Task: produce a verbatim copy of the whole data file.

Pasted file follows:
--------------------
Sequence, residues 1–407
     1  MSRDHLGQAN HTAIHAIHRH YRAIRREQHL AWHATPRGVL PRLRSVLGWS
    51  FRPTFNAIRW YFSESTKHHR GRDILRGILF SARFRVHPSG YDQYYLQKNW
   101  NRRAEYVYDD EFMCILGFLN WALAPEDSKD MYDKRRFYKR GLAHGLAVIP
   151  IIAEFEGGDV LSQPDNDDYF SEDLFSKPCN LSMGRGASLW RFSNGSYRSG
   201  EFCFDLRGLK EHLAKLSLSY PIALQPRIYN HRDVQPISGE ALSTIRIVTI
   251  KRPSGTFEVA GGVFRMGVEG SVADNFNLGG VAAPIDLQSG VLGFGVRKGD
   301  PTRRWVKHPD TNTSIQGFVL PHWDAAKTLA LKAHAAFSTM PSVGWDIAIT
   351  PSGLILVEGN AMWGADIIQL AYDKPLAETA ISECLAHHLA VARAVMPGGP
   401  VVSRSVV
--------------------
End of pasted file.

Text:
Sequence, residues 1–407
     1  MSRDHLGQAN HTAIHAIHRH YRAIRREQHL AWHATPRGVL PRLRSVLGWS
    51  FRPTFNAIRW YFSESTKHHR GRDILRGILF SARFRVHPSG YDQYYLQKNW
   101  NRRAEYVYDD EFMCILGFLN WALAPEDSKD MYDKRRFYKR GLAHGLAVIP
   151  IIAEFEGGDV LSQPDNDDYF SEDLFSKPCN LSMGRGASLW RFSNGSYRSG
   201  EFCFDLRGLK EHLAKLSLSY PIALQPRIYN HRDVQPISGE ALSTIRIVTI
   251  KRPSGTFEVA GGVFRMGVEG SVADNFNLGG VAAPIDLQSG VLGFGVRKGD
   301  PTRRWVKHPD TNTSIQGFVL PHWDAAKTLA LKAHAAFSTM PSVGWDIAIT
   351  PSGLILVEGN AMWGADIIQL AYDKPLAETA ISECLAHHLA VARAVMPGGP
   401  VVSRSVV